So this past weekend we headed out for a few days in the mountains. As we were packing up, I noticed Steve hadn’t yet packed his toothbrush. Wishing to avoid a weekend with him without proper oral hygiene, I reminded him to grab it. He went into the bathroom to get it.
“It’s not here,” he said, referencing the toothbrush holder on our bathroom counter.
“Yes it is. I left a couple of toothbrushes in the holder when I grabbed mine,” I answered.
There were two toothbrushes in the holder that I hadn’t been using, so I knew he had forgotten his.
“Look. I already packed mine,” I told him. I showed him the toothbrush in my bag.
“That’s my toothbrush,” he replied.
“No. It’s mine. It’s the one I’ve been using.”
“Then you’ve been using my toothbrush.”
“Really?” I balked. “Are you sure? I’m pretty sure this one is mine. I used it this morning.”
“Yes,” he said, inspecting it more closely. “That’s mine. You’ve been using my toothbrush.”
“How do you know? They all look alike.”
We buy our toothbrushes in bulk from Costco. The Oral B package of soft-bristle brushes contains eight, spanking-new brushes in four, color combinations. We’re both fairly consistent about changing our brushes out every couple of months because, well, we buy them in bulk at Costco so why not? Because of the multiple color combinations, though, it can be easy to forget which toothbrush is your current one. I mean, by the time you’ve gotten used to your brush and have memorized which one it is, you’ve chosen a new one and have to remember it. We’re getting old. It’s hard to keep track of things, you know?
“I’m sorry,” I said. “I was sure that one was mine. It’s not a big deal, though. Here you go.”
I handed him the toothbrush so he could pack it. I turned around and went into the bedroom to pack some other things. When I walked back into the bathroom, I noticed the toothbrush in question was now in the trashcan along with the other two toothbrushes that had been in the holder.
“You threw them all out?” I asked incredulously. “Really?”
“Since we don’t know whose is whose, we’ll just start over. I’ll buy a new one when we get there,” he replied, as if this were the most logical solution.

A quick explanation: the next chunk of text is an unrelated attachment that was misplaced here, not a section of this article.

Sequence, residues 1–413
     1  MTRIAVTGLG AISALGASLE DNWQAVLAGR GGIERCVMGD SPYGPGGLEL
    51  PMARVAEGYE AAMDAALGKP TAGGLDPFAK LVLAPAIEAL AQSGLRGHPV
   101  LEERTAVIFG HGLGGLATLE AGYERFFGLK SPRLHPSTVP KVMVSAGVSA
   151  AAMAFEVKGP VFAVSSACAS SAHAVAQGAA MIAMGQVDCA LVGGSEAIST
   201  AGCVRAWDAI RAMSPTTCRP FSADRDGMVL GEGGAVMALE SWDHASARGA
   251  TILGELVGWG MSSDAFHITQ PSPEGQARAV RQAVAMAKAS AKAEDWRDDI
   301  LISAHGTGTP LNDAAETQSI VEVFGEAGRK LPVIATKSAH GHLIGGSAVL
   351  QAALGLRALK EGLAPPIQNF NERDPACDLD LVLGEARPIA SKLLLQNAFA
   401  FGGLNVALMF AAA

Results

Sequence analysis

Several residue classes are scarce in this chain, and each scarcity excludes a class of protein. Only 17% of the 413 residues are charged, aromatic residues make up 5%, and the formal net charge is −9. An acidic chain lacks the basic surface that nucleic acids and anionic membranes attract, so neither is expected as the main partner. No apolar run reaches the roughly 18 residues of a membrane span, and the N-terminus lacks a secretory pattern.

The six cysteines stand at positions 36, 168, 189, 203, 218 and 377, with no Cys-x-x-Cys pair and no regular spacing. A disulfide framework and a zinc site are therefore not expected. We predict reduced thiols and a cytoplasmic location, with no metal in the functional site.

What the heck? Suddenly I was feeling downright dirty. I began wondering if the Board of Health might need to shut me down as a contamination risk.
“Am I diseased or something? Is that why you can’t keep any toothbrush that might have been in my mouth?”
“It’s just gross,” he said. “I’m pretty sure other people would agree with me.”
“The toothbrush was in my mouth…the same mouth you kiss. You know that, right? We share food off the same fork sometimes. How is this any different?”
“It just is.”
“Apparently my foul mouth really does bother you,” I retorted before heading back to my packing chore.
I’m not going to lie. I was disappointed and shocked that my own husband had such virulent concerns about my hygiene. Don’t get me wrong. I understand where he’s coming from. It’s not very sanitary to share a toothbrush. That’s a fact. And I wouldn’t normally want his mouth on my toothbrush either, but I wouldn’t freak out about it if tables were turned. As a rule, I don’t like to share, especially when it comes to germs. It was just the immediate and swift manner with which he dispensed with all the compromised toothbrushes that irked me, as if he were taking no chances. Was he concerned I could have Ebola? Honestly, I wouldn’t have been thrilled to discover Steve had been using my toothbrush, but I wouldn’t have thrown it out. I would have shrugged my shoulders, given him a hard time about it (probably forever), and then eventually switched it out for a new one when I had destroyed all the bristles on it by brushing too hard. (Yes. I know this is not a good practice for my teeth and gums. I’m working on myself one flaw at a time, and this particular flaw is reasonably far down on my list of concerns.) Whatever germs don’t kill you make you stronger. At least that has always been my theory and, forty-six years into this theory, I’m still here so it appears to be working.
Let it not be said, however, that I am insensitive to my husband’s needs. After twenty years, I may not have understood his relative level of paranoid germaphobia until now, but I do know how to solve a marital problem. You find the issue that’s been rubbing you the wrong way and you find a way around it. It doesn’t even really require compromise. You simply apply a bit of creative thinking and find the win-win. So, today I dug into my resourceful brain and found a solution to our dilemma. I bought him a special treat…his own toothbrush holder to keep on his side of the double vanity. Henceforth, his toothbrush has its own kingdom and it need never be near mine. Ever again. Problem solved. Now he just has to hope I don’t hold this germaphobe thing against him. It could be a long next twenty years for him if I’m stubbornly refusing to put my mouth anywhere near him because of this slight. Not that I hold a grudge or anything. Well, if you’ll excuse me…there is a piece of cake in the fridge I’ve been saving for later. I need to go lick it to guarantee it’s mine. 😉